Last week PFF co-hosted an event highlighting the crucial importance of immigration to the U.S. economy. At the half-day event with our partners at the National Chamber Foundation, I first interviewed Jason Riley of The Wall Street Journal and author of the new book Let Them In: The Case for Open Borders. Then five immigration experts discussed the policy and politics of high-end tech and science immigration. You can view the webcast here.
Maybe columnist George Will was watching. Writing from Palo Alto today, Will makes the pro-immigration case with characteristic eloquence:
Modernity means the multiplication of dependencies on things utterly mysterious to those who are dependent -- things such as semiconductors, which control the functioning of almost everything from cellphones to computers to cars . . . . Yet their nation's policy is the compulsory expulsion or exclusion of talents crucial to the creativity of the semiconductor industry that powers the thriving portion of our bifurcated economy. While much of the economy sputters, exports are surging, and the semiconductor industry is America's second-largest exporter, close behind the auto industry in total exports and the civilian aircraft industry in net exports.
The semiconductor industry's problem is entangled with a subject about which the loquacious presidential candidates are reluctant to talk -- immigration, specifically that of highly educated people. Concerning whom, U.S. policy should be: A nation cannot have too many such people, so send us your PhDs yearning to be free.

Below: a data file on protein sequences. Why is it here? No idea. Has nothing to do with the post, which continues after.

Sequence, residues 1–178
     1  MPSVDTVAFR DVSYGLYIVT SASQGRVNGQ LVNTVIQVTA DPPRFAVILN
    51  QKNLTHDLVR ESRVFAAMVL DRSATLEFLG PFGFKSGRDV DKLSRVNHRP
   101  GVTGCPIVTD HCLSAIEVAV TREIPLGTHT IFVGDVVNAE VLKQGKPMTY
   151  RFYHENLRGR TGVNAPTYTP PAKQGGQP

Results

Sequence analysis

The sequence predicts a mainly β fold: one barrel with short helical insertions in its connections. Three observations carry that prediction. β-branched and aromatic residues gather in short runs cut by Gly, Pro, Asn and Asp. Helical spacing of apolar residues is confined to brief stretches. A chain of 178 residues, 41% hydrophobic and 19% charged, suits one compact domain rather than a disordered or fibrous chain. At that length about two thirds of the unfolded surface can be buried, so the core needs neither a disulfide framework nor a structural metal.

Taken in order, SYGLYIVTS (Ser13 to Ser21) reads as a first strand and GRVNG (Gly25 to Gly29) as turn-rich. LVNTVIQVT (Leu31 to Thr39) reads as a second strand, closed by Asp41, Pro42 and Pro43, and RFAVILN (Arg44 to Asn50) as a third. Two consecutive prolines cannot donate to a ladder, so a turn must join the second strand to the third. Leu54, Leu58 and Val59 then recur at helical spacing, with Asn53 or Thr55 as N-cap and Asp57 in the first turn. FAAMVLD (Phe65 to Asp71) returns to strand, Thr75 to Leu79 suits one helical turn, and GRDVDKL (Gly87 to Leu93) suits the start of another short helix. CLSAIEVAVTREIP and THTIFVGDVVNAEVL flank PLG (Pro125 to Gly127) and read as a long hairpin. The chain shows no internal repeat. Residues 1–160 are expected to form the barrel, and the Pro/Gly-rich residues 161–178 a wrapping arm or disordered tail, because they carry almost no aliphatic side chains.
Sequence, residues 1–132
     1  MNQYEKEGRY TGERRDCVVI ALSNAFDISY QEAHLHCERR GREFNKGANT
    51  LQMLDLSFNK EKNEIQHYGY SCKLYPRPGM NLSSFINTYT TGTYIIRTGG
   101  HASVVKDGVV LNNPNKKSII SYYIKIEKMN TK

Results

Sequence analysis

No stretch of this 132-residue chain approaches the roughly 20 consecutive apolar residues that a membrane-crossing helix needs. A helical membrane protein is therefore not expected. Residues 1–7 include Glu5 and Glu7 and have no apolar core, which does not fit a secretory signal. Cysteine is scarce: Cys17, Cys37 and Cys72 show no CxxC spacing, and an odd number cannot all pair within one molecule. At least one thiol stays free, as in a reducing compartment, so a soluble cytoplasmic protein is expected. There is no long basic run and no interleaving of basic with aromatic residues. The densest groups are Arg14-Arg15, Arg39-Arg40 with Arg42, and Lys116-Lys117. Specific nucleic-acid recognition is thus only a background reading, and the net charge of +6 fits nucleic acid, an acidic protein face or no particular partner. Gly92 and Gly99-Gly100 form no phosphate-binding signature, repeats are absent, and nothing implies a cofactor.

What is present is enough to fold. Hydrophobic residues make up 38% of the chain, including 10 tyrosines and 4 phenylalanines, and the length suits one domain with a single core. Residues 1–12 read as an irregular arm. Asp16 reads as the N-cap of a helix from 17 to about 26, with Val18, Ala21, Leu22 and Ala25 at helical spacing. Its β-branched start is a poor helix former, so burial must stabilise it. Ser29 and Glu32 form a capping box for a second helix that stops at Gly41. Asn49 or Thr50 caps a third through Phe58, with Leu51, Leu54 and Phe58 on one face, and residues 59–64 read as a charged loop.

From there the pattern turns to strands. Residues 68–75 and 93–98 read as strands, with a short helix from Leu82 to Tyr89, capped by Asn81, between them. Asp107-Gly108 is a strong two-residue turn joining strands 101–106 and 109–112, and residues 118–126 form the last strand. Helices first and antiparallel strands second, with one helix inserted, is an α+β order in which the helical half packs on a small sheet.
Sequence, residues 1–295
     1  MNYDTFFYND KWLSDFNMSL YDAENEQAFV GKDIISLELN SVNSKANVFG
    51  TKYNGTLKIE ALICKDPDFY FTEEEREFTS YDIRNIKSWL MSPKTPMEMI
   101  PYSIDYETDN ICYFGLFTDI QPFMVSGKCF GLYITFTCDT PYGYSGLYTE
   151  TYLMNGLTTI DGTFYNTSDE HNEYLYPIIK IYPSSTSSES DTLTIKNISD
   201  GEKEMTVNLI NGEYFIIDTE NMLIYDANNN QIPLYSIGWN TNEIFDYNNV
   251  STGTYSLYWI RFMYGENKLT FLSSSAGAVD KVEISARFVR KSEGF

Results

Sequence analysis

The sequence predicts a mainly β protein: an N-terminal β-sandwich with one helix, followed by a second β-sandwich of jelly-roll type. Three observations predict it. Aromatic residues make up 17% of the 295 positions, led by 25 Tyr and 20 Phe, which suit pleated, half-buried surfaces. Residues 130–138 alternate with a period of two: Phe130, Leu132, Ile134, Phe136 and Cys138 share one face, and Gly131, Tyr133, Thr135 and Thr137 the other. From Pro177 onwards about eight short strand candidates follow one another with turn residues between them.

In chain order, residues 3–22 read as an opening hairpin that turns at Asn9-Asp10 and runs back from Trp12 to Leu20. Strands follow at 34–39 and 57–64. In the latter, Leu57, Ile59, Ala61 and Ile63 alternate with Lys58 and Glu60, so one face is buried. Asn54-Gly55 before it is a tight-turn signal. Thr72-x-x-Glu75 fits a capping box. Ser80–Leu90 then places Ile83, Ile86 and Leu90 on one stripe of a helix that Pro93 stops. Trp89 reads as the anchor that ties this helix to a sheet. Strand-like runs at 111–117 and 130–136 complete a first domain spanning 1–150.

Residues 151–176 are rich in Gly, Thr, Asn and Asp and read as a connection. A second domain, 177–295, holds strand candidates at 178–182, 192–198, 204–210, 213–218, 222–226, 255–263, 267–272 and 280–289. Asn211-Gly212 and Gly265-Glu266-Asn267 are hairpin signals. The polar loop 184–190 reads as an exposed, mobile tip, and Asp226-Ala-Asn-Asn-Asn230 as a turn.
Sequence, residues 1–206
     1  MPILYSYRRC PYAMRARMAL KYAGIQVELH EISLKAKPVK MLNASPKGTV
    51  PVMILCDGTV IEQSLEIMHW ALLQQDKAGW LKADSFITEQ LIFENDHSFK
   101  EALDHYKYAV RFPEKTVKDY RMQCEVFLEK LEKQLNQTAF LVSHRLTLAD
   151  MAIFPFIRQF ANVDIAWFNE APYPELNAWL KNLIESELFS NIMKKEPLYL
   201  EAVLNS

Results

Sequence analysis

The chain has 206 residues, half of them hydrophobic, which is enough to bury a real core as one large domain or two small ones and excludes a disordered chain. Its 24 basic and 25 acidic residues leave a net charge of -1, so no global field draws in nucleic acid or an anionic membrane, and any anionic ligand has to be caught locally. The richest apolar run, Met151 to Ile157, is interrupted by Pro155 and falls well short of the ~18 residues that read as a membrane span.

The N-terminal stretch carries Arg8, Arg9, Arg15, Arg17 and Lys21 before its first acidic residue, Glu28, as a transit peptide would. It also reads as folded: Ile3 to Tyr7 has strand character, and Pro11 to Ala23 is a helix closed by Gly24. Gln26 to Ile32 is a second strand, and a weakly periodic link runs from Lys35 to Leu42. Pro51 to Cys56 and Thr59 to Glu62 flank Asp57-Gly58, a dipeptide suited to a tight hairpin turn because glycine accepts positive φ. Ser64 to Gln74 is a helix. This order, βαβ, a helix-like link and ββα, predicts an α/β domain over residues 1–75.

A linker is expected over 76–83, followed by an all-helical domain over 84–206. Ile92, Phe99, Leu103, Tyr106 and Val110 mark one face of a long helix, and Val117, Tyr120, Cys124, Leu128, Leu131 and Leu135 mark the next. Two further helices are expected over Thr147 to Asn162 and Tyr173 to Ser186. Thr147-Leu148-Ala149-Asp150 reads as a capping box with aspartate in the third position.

Instead, U.S. policy is: As soon as U.S. institutions of higher education have awarded you a PhD, equipping you to add vast value to the economy, get out. Go home. Or to Europe, which is responding to America's folly with "blue cards" to expedite acceptance of the immigrants America is spurning.
It's astonishing we are still debating this topic. More than a decade ago George Gilder was exposing the same self destructive behavior George Will fights today:
The underplaying of immigration as an economic force stems from a basic flaw in macroeconomic analysis. Economists fail to account for the indispensable qualitative effects of genius. Almost by definition, genius is the ability to generate unique products and concepts and bring them to fruition. Geniuses are literally thousands of times more productive than the rest of us. We all depend on them for our livelihoods and opportunities. . . .
Consider Intel Corp. Together with its parent, Fairchild Semiconductor, Intel developed the basic processes of microchip manufacture and created dynamic and static random access memory, the micro-processor, and the electrically programmable read-only memory. In other words, Intel laid the foundations for the personal computer revolution and scores of other chip-based industries that employ the vast bulk of U.S. engineers today.
Two American-born geniuses, Robert Noyce and Gordon Moore, were key founders of Fairchild and Intel. But their achievements would have been impossible without the help of Jean Hourni, inventor of planar processing; Dov Frohmann-Benchkowski, inventor of electrically erasable programmable ROMs; Federico Faggin, inventor of silicon gate technology and builder of the first microprocessor; Mayatoshi Shima, layout designer of key 8086 family devices; and of course Andrew Grove, the company's now revered CEO who solved several intractable problems of the metal oxide silicon technology at the heart of Intel's growth. All these Intel engineers -- and hundreds of other key contributors -- were immigrants.
The next Intels, the next Googles -- indeed, the next American century -- requires our openness to and recruitment of these "geniuses from abroad."